- Wall St. lower : tech selloff outweighs bank gains
- Daily swings in the tech megacaps widest vs. S&P since 2014
- European Stocks in the red: slide in rate-sensitive sectors.
“Speeches by the Bank of Canada, the European Central Bank and the Bank of England over the last three weeks look to be a deliberate expectations management exercise, preparing the market for the removal of some of the emergency monetary measures put in place from 2015,” said analysts at ING.
“Everyone talks about the VIX but there are undercurrents of significant volatility in the market,” Joe Sowin, head of global equity trading at Highland Capital Management LP, said by phone. “There’s a lot more volatility in tech this month and that’s in part due to stretched P/Es, positioning and breadth that isn’t good.”
Volatility higher than measured and money stimulus withdrawal are the main themes quoted by analysts that try to explain the downturn in risky assets.
Nasdaq down more than 1.5%, and the Dow on track for its biggest one-day drop in more than a month as the technology sector resumed its selloff, overshadowing a gain in the financial sector.
The losses in tech were so severe on Thursday that every component in the sector was in negative territory. On the upside, financial shares XLF, +0.29% jumped 0.5% after the 34 biggest U.S. banks passed the Federal Reserve’s stress test and received a green light for plans to return capital to shareholders.
Bonds shadow central banks: Financial shares have also been tracking a rise in long-term Treasury yields. A selloff in U.S. and European bonds on Thursday sent yields higher as investors maneuvered around potential moves by the Federal Reserve, the European Central Bank and the Bank of England. Bond prices and yields move inversely.
Crude oil, which is gradually recovering from the recent selloff. The calls for $30 oil were indeed a contrarian signal. The sentiment has been so negative that a bounce (which could be temporary) makes sense at this juncture. Hedge funds have been short oil and some have been covering lately.
Main moves in markets from Bloomberg
- The S&P 500 Index fell 0.9 percent as of 12:28 p.m. in New York. It’s on pace for a seventh straight quarterly advance.
- Goldman Sachs Group Inc. and JPMorgan Chase & Co. rose more than 2 percent.
- The Nasdaq Composite Index lost 1.8 percent, pushing its loss in June toward 2 percent. The measure rose as much as 21 percent this year, before a selloff that started three weeks ago took 3 percent back.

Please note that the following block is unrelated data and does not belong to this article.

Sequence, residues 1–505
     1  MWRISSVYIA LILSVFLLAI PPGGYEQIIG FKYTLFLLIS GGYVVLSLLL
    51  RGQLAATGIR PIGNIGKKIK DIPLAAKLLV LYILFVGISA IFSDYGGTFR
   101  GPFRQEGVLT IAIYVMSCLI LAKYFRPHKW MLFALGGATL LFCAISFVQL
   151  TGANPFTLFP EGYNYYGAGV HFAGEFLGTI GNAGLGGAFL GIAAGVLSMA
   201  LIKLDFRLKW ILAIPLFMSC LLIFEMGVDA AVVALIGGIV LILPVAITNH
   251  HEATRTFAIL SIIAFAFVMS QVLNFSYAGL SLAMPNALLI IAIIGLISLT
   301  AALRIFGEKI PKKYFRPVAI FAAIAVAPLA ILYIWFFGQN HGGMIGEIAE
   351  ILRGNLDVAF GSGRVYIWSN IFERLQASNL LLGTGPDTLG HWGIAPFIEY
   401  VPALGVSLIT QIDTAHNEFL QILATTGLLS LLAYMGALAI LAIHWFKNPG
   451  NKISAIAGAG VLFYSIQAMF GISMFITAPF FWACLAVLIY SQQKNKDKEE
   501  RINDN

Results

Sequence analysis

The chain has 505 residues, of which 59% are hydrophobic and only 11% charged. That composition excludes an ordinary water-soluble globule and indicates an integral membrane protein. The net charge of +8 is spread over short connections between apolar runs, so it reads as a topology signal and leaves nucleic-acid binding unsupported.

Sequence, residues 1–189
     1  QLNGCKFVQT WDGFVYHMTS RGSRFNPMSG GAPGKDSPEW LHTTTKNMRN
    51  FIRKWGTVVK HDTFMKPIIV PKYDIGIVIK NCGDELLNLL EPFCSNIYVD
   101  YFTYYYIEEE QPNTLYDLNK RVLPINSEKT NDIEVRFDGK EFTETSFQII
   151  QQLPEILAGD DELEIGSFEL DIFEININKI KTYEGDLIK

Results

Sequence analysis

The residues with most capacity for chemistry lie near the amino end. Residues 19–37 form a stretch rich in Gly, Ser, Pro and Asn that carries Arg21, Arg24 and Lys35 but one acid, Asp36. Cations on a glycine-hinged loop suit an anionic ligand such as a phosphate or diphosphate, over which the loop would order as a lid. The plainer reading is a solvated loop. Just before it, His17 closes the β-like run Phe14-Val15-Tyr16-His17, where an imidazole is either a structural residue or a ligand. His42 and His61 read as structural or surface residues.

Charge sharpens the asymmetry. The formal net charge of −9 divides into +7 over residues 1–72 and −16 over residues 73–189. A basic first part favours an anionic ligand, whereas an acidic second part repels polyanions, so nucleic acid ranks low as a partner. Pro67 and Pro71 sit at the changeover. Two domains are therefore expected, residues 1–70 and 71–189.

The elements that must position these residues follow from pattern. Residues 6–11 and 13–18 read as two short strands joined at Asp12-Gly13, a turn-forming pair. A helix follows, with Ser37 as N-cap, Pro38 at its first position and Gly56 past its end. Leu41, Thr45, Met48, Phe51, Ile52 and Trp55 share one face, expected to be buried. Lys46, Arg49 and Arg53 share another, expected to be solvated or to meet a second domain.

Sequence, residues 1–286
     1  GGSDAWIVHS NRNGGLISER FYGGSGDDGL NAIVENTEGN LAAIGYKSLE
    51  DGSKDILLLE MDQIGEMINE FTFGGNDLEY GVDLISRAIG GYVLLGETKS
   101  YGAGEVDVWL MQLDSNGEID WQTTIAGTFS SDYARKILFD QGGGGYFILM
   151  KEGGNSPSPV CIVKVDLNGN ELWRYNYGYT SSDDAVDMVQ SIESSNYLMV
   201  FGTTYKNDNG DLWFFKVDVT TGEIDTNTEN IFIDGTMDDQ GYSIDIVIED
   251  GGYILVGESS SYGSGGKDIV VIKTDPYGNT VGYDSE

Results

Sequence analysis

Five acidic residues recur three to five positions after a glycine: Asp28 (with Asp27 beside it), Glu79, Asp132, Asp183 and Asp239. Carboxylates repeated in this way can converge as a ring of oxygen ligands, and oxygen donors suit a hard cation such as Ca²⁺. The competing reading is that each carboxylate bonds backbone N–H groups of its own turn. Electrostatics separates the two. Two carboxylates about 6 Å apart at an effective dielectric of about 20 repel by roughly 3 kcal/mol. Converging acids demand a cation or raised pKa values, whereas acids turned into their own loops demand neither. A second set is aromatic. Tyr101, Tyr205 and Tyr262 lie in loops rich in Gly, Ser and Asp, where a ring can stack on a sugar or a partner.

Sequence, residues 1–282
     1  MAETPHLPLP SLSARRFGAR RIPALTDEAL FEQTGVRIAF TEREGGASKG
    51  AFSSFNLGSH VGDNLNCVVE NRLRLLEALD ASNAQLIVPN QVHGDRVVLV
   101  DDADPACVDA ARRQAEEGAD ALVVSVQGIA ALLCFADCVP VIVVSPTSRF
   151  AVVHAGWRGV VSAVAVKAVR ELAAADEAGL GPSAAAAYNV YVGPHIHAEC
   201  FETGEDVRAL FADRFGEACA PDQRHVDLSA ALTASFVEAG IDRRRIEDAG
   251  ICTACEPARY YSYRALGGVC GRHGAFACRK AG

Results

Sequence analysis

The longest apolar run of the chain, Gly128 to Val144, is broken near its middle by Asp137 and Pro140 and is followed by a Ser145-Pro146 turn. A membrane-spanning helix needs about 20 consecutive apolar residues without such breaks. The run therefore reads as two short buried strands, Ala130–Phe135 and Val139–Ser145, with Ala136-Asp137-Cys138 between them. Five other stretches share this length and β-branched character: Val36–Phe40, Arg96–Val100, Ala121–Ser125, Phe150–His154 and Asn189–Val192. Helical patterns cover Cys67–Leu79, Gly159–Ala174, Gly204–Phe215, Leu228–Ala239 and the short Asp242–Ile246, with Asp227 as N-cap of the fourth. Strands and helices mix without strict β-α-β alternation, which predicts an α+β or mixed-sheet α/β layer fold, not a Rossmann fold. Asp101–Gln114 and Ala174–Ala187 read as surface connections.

- The Stoxx Europe 600 Index fell 1 percent. Banks bucked the trend, gaining 1.7 percent. Utilities and construction companies fell 1.6 percent and 1.5 percent, respectively.
- The Bloomberg Dollar Spot Index rose 0.1 percent, though the currency fell against most of its G-10 peers.
- The euro increased 0.2 percent to $1.1397, heading for the highest level since last year’s Brexit vote.
- The pound climbed 0.3 percent to $1.2964, heading for a seventh straight day of gains, the longest winning streak since April 2015.
- The Canadian dollar rose 0.1 percent after jumping 1.2 percent on Wednesday as Bank of Canada Governor Stephen Poloz reiterated he’s considering tighter policy.
- WTI futures advanced 0.2 percent to $44.81 a barrel. Prices gained as government data showed a drop in U.S. gasoline supplies that have remained stubbornly high at the start of the summer driving season.
- Gold fell 0.6 percent to $1,242.11 an ounce.
- Copper futures jumped 0.9 percent, advancing for a seventh day.
- The yield on 10-year Treasuries rose three basis points to 2.26 percent, after gaining two basis points on Wednesday and jumping seven basis points in the previous session.
- The yield on U.K. gilts increased seven basis points to 1.22 percent. French 10-year yields added seven basis points, as did those of 10-year German bunds.
- China’s yuan strengthened for a third day, with the offshore currency advancing 0.3 percent as President Xi Jinping kicks off a landmark visit to Hong Kong. The Hang Seng Index climbed 1.1 percent and the Shanghai Composite added 0.5 percent.
- Singapore’s Straits Times Index rallied 1.4 percent, the most since November. Australia’s S&P/ASX 200 Index rose 1.1 percent, with banks and basic materials shares having the biggest impact. South Korea’s Kospi index advanced 0.6 percent to a record.